“That budget is full of property tax relief, not just for K-12 education, but also for revenue sharing, the enhanced reimbursements to communities for homesteads,” she said. “So they’re committed to property tax relief, and helping municipalities fund the cost of local government services.”
Regardless of what the funding is, there is always concern for longevity, and K-12 funding is no different.
“We’re always worried about that,” she said of losing the funding. “We could be having a really fantastic economy, and the state is pulling in sales and income tax like nobody’s business. There’s still no guarantee the next legislature (will fund it), so that’s always there.”
Rep. Paul Stearns (R-Guilford), the ranking member for the House education committee, said with the increase in state revenue and the influx of federal dollars, Gov. Janet Mills saw it as a good time to go for 55%.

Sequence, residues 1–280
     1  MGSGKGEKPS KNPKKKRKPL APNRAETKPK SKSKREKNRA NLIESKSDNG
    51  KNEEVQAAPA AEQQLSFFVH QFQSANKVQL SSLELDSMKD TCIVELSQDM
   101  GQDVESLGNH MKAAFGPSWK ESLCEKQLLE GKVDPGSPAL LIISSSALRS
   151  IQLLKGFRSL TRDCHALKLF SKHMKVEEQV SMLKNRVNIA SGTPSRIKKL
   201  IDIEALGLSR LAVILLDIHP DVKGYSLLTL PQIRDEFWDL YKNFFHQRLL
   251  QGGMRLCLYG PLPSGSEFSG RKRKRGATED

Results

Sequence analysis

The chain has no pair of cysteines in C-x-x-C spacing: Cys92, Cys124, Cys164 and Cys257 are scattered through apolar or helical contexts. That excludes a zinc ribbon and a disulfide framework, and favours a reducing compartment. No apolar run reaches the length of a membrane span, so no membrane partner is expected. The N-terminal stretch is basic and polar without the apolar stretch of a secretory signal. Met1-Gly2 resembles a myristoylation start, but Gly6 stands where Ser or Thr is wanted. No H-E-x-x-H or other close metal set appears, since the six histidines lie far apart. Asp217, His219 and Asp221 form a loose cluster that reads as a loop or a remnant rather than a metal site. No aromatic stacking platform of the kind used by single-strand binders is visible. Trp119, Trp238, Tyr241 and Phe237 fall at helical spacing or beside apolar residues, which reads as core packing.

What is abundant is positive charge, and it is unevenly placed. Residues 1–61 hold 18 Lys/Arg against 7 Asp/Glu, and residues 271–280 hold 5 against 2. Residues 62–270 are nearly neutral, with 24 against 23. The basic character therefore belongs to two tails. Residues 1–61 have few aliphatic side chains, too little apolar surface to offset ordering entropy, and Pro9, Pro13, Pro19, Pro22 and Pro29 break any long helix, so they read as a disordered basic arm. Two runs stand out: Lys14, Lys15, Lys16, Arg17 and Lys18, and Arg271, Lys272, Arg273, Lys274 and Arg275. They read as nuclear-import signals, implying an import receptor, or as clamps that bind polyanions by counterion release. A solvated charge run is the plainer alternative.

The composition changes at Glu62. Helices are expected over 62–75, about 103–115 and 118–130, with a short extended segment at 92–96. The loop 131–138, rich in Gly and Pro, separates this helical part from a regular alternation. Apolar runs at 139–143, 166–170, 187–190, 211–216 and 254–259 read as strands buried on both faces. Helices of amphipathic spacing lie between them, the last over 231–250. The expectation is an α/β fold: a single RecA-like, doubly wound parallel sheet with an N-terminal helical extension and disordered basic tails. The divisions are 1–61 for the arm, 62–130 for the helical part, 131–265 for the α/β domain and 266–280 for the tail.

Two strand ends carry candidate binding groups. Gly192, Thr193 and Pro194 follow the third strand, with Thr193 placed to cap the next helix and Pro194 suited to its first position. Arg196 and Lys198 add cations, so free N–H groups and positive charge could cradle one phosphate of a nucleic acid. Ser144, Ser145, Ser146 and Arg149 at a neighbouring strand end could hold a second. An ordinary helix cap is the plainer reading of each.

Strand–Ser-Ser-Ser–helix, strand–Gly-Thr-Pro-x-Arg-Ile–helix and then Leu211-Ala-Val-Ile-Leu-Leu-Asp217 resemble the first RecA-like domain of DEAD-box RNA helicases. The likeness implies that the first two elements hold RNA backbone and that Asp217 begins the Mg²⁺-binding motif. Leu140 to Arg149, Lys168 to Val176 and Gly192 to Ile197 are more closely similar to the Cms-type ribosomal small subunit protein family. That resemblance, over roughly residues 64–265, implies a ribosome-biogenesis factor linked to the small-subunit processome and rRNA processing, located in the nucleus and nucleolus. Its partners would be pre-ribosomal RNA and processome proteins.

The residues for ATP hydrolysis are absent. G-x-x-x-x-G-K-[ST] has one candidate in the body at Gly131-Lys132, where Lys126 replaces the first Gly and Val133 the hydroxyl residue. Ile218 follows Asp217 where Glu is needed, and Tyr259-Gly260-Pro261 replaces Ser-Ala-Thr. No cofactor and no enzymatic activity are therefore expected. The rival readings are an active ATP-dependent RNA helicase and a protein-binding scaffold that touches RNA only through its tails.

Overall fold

Stearns does have questions about education spending. For example, he wondered why education spending continues to rise even though the number of students is falling in Maine.
“In my opinion, perhaps it would have been more prudent to take a smaller step. But we’ll see. What I would like to see them do is really examine the cost centers and find out what is driving the increase in K-12,” Stearns said.
Unlike some of his GOP colleagues, Stearns said total retirement should not be included in reaching 55% because it wasn’t part of the original language. He compared it to changing the scale from pounds to kilograms.
Whether the money will be there to keep up the funding in the next budget, Stearns said time will tell.
“I don’t have a crystal ball,” he said.